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The History of the Medal of Honor
Posted By David Horowitz On May 30, 2011 @ 10:34 am In David's Blog | 5 Comments
The philosopher Aristotle said, “You will never do anything in this world without courage. It is the greatest quality of the human mind next to honor.”
It is bestowed by the President in the name of Congress on members of the United States Armed Forces who distinguish themselves through conspicuous and fearless gallantry at the risk of their lives “above and beyond the call of duty while engaged in an action against an enemy of the United States.”
More than sixty percent of the Medals of Honor awarded since the beginning of World War II have been awarded posthumously.
The Medal of Honor is bestowed on an individual by the passing of a Joint Resolution in Congress. It is then personally presented to the recipient or, in the case of posthumous awards, to next of kin, by the President of the United States, on behalf of Congress, representing and recognizing the gratitude of the American people.
Because the award citation includes the phrase “in the name of Congress”, it is sometimes erroneously called the Congressional Medal of Honor. The official title, however, is simply the Medal of Honor.
A few famous Americans are recipients of the Medal, from a president (Theodore Roosevelt) to a president’s son (Theodore Roosevelt Jr.) to a five star general (Douglas MacArthur to the father of a five-star general (Arthur MacArthur).
But most recipients of the medal are ordinary Americans from ordinary backgrounds who, under extraordinary circumstances and at great risk to their own lives, performed an incredible act of conspicuous valor that clearly set them apart from their comrades.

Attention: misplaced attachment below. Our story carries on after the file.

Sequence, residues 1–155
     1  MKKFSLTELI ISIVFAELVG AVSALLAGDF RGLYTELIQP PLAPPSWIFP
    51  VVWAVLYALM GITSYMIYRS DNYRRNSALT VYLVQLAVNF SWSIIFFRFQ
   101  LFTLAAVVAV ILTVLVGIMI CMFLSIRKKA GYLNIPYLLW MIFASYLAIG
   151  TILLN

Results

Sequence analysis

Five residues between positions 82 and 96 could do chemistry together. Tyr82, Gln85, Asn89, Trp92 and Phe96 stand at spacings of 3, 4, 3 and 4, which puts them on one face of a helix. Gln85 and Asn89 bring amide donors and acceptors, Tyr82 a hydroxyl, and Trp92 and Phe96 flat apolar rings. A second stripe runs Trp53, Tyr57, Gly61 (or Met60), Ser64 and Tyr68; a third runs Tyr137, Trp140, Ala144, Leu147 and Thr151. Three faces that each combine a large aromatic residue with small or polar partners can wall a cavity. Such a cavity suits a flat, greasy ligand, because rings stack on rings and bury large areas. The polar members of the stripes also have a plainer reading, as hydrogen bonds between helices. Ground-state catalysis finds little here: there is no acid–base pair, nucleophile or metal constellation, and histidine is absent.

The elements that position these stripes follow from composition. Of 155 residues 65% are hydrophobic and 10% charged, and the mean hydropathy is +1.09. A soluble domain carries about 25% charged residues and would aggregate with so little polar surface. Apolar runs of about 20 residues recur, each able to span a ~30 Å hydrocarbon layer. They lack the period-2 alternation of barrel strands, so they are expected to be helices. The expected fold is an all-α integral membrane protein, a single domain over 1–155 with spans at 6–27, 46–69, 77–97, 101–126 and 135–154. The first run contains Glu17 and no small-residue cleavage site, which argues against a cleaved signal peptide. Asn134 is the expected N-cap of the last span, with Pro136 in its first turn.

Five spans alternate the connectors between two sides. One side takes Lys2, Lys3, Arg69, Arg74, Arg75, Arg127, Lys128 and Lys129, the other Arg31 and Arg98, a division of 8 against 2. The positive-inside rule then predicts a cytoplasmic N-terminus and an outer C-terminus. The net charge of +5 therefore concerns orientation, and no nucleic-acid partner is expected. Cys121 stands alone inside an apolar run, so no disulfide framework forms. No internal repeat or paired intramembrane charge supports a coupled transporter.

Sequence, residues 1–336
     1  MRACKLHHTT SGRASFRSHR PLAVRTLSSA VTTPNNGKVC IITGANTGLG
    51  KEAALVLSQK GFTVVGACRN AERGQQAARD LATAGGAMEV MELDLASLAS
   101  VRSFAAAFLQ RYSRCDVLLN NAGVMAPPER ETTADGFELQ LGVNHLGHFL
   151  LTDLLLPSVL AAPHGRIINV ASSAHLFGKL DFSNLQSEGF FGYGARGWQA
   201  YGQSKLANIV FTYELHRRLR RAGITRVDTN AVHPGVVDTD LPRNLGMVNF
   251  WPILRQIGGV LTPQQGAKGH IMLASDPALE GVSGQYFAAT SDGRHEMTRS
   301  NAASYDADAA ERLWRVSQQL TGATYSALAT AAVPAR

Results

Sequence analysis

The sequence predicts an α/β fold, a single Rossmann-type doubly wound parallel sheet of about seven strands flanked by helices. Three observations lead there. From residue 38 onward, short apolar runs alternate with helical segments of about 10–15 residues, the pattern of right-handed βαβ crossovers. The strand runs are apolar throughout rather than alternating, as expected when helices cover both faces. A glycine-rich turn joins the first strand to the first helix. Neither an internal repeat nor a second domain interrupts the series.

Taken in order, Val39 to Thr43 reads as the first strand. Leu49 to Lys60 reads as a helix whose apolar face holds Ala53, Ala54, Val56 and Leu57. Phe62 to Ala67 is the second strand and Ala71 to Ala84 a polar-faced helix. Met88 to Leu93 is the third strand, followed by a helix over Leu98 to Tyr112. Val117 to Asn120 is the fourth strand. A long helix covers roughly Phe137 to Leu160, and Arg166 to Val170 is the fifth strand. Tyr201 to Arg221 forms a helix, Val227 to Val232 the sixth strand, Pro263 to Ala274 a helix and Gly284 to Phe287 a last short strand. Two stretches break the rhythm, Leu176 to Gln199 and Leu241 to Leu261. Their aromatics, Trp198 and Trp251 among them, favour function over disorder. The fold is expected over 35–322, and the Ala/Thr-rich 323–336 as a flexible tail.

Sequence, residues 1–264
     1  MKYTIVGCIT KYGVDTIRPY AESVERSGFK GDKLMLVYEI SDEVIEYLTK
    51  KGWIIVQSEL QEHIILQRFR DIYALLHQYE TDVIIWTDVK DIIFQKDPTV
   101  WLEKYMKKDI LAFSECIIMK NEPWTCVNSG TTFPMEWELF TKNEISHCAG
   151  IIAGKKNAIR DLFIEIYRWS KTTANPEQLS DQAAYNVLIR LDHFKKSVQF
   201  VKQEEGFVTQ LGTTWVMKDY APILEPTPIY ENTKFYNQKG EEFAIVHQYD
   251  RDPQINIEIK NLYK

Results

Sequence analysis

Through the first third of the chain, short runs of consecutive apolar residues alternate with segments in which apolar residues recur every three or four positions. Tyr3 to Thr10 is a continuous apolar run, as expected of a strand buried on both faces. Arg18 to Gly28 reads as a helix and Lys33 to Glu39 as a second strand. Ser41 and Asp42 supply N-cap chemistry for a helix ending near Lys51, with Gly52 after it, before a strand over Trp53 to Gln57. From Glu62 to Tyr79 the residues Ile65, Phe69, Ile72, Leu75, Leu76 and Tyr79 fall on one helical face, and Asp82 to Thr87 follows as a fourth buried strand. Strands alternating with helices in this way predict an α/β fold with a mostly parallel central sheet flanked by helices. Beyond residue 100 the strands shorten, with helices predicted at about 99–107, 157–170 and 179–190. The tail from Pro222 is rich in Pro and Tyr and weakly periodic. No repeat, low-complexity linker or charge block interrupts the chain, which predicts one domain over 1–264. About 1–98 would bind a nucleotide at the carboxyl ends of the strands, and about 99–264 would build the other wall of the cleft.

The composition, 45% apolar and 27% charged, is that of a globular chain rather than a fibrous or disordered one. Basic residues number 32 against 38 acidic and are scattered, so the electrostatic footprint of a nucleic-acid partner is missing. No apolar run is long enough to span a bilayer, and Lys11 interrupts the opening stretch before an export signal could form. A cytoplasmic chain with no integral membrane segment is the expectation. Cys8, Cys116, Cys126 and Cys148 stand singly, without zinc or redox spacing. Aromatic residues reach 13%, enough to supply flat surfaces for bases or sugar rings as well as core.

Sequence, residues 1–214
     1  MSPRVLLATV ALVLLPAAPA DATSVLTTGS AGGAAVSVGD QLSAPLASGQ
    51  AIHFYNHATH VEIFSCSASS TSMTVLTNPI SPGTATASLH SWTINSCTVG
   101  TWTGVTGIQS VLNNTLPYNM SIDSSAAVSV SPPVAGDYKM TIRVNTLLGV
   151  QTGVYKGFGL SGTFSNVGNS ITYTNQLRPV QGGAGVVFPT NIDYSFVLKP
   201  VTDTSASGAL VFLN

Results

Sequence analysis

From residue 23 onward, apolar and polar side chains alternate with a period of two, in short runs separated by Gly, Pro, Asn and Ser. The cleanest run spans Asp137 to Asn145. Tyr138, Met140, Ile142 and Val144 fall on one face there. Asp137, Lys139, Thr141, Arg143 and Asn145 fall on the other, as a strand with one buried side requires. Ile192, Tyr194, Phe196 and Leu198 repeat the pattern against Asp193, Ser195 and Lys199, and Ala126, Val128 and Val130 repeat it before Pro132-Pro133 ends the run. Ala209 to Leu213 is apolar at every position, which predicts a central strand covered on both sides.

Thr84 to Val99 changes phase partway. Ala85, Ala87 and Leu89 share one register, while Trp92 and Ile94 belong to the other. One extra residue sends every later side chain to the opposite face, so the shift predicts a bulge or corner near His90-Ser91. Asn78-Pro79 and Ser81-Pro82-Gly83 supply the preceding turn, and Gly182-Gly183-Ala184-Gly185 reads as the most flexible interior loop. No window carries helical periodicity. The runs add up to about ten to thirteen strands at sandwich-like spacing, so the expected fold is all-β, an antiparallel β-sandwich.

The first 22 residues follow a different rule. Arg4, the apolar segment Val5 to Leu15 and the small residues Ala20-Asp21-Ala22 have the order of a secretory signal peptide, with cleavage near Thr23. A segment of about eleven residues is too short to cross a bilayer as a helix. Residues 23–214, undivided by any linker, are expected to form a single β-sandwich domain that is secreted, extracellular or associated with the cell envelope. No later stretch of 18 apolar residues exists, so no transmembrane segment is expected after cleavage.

Although they served in a democratic fighting force, the Medal of Honor winners emerged from what military historians call the fog of war to become an aristocracy of valor. What they did in battle was so extraordinary that it raises questions that have no answer. Why do some men rise to the occasion and go above and beyond the call of duty no matter what the cost? What is the DNA of courage? Is there something God-given in their willingness to risk their lives for comrades and country?
Some say a nation is defined by its heroes. If so, we Americans are fortunate indeed. What these men did to earn the Medal of Honor should give us confidence that our nation – which our enemies foolishly underestimate and which we ourselves constantly worry has lost its bearings – is in fact a crucible of character, endurance, determination and the courage necessary to meet the future.
Abraham Lincoln rightly said, “Any nation that does not honor its heroes will not long endure.” We gather here today to honor our heroes and ensure that it will.
These remarks were taken from the Author’s Note in Peter Collier’s remarkable book Medal of Honor: Portraits of Valor Beyond the Call of Duty.
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